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Nike Case Study

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Although our portfolio only has a one percent allocation to Nike, this stock has proved to be the most profitable thus far out of the stocks that were required to be in the portfolio. Nike has surpassed analysts’ expectations for fiscal third quarter, reporting a 32% jump in earnings according to TheStreet.com. Earnings were 92 cents a share compared to 68 cents a share just a year earlier. The Nike shares were first purchased at $60.74 per share and at last close were up to $67.27 per share, an increase of 11.1% per share. A lot of things can be attributed to Nike’s success over the past three months.

Nike has been known for its ability to attract brand loyalty and already has a dedicated market share in place. By advertising to consumers at a young age, Nike is able to retain their loyalty for their teenage years leading up to their adult life. The introduction to consumers for customizing their own shoes has created a new competitive strategy. The rise in building its own retail stores will enable domestic revenue growth to outpace orders according to Andria Cheng, an analyst for MarketWatch.com. This will allow Nike to showcase its brand and give it a high level of brand control. Nike began selling its Converse line of shoes at Target Corp. under the label Converse One Star. This move will help target lower income families and increase market share. Nike also benefitted from the introduction of Air Jordan 23 basketball shoes. The retailer is also teaming up with Apple to work with major gym equipment manufacturers to make the Nike plus products, a line of running shoes that can sync to iPods to track workout performance, compatible with treadmills and other gym equipments.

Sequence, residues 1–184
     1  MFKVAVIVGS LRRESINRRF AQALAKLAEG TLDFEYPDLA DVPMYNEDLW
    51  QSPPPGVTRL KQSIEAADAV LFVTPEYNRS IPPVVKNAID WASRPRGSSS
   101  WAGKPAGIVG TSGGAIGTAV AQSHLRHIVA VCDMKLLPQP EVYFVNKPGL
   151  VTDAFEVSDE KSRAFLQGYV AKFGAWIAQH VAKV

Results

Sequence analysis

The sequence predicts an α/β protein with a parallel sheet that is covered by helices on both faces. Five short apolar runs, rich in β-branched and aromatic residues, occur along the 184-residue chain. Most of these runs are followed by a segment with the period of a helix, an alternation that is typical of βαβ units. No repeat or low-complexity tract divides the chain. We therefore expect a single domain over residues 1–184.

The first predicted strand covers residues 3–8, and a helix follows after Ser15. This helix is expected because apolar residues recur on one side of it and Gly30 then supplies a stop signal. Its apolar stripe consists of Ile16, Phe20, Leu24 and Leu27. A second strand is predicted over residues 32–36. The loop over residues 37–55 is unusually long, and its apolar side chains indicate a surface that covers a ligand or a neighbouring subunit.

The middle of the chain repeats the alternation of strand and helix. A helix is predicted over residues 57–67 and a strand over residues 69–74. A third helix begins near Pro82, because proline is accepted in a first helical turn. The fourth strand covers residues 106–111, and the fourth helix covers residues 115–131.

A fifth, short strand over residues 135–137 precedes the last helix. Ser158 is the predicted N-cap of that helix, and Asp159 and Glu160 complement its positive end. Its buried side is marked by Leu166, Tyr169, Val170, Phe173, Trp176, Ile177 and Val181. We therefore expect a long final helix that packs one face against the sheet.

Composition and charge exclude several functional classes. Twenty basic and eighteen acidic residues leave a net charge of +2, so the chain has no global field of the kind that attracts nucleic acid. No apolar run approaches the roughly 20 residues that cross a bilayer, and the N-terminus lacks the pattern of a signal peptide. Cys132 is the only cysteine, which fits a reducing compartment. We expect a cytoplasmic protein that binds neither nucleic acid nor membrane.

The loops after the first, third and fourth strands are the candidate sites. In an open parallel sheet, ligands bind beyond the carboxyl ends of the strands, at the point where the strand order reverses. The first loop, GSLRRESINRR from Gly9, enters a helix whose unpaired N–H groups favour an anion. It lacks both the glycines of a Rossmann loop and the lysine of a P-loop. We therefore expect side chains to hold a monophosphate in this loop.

Nike has just completed the acquisition of Umbro to gain a larger presence in the global soccer market in advance of the next World Cup. This has set up a head to head competition in the worldwide soccer market with Adidas, its main competitor. Adidas is unwilling to budge from the soccer market, but this will undoubtedly benefit Nike. This is not to say that Nike has wiped out the competition. Under Armour is making a big push into the footwear industry and New Balance is pushing a new marketing strategy to take advantage of the worldwide market. However, there are no signs of overloaded inventory such as Crocs and Reebok.

The worldwide presence has proved to be a smart move as international revenue is increasing rapidly. As a whole, sales internationally exceeded those in the U.S., with the help of favorable exchange rates. Sales in the European region surged 23% to $1.38 billion, with 13 percentage points coming

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